Recently, I was looking at numbers and trends in employment for psychology degree holders gathered in the 2015 National Survey of College Graduates (I know – I’m a data geek, and I embrace it). As you would expect, the most common occupation reported through the survey was either a faculty or a psychologist providing psychological services (and in some instances both). Having been a graduate student and the director of a graduate training program, that wasn’t so surprising to me.
What was surprising, though, is those two careers account for less than half of the over 200,000 individuals included in the survey (to be exact, they combine to 49% of respondents). Meaning the other 51% are employed doing …. well, something else. Doctoral psychology degree holders worked in 59 of the 129 different occupation categories included in the survey. For individuals with master’s degrees, it was 71 of the 129 (you can see the analyses for yourself in the APA’s Center for Workforce Studies data tool below). And, it isn’t like the people working in these fields “left psychology” for other non-psychology careers in public relations, entertainment, education administration, government administrator, or labor relations. Nearly all of the respondents (96%) reported that their job was related to psychology.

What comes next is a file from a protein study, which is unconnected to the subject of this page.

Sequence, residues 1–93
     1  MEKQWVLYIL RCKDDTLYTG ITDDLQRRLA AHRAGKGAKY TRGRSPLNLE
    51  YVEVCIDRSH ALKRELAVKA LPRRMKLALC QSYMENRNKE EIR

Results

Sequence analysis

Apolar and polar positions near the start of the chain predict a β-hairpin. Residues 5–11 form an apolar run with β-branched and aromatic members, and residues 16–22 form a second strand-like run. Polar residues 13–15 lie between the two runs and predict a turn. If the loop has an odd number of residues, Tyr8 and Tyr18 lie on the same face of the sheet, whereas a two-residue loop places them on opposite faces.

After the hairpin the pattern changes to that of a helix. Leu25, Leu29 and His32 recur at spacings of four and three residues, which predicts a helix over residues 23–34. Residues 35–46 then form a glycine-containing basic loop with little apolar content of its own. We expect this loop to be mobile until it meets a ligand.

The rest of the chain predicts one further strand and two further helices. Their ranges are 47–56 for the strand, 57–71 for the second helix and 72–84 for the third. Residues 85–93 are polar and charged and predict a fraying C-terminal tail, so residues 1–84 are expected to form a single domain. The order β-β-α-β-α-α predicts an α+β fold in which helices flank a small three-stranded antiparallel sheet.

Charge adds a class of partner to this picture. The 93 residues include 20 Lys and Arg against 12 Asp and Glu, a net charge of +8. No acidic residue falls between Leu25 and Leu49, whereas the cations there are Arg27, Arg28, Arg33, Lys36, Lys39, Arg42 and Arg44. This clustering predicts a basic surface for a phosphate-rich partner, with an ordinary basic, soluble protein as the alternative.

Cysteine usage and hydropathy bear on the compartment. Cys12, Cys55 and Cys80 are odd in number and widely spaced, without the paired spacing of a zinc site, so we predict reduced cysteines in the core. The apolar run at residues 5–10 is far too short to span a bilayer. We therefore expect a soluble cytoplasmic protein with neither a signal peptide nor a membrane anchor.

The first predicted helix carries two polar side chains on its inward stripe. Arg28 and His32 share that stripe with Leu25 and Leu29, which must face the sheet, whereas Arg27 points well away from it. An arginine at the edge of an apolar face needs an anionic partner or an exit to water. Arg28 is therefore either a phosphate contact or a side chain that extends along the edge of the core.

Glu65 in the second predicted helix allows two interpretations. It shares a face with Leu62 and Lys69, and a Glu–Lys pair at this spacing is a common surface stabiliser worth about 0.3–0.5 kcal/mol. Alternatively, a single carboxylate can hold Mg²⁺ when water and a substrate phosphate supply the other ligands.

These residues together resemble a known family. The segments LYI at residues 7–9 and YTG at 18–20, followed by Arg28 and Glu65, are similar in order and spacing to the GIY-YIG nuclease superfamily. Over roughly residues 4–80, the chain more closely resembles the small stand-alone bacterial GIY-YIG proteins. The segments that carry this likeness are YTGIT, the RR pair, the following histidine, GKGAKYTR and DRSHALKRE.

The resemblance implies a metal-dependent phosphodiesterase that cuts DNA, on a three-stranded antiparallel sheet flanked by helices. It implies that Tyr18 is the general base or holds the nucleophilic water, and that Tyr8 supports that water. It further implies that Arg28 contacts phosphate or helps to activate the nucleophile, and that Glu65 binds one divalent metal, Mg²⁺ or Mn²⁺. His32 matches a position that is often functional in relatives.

Get a psychology degree, and the career options available to you are endless. Okay, that is hyperbole, but you get my point.
There is a flip-side here, though: the occupations that graduate students (and postdocs) are exposed to on a regular basis are psychology faculty member and/or professional service provider. When I was a graduate student and a postdoc, I saw on a daily basis what it was like to be a faculty member in a psychology department. If you asked me, I felt very confident I could answer the following questions about life as a psychology professor:
- What are the day-to-day responsibilities?
- What skills, abilities, and competencies are required?
- What do I need to have in my application to get a job?
- Where do I network and learn about jobs?
But had I been interested in say, running a policy research office for the District of Columbia, I would have been completely stumped. I mean – it sounds like an awesome job – but how do I get it?
We, at APA, want to help graduate students and postdocs in psychology learn about as many rewarding career options that utilize psychology training and experience, as possible. And as part of that initiative, two APA colleagues and I will be hosts for a free, virtual conference called How Did You Get that Job? Psychologist at Work. It will feature psychology degree holders as they talk about their jobs and how they use their psychology training at places like:
- Herman Miller
I’m excited to be a part of this event because it highlights the myriad ways psychologists use their training and skills to work in a variety of places. It is also an opportunity to teach attendees how to learn more about career options on their own. Over the two days, my colleagues and I will conduct six Informational Interviews, a key tool of the Explore Career Module of the APA’s Resource for Individual Development Plan. At the end of the conference, you’ll have a bevy of information about where to find job opportunities, how your skills and abilities translate to various careers, and what life is like outside of academia!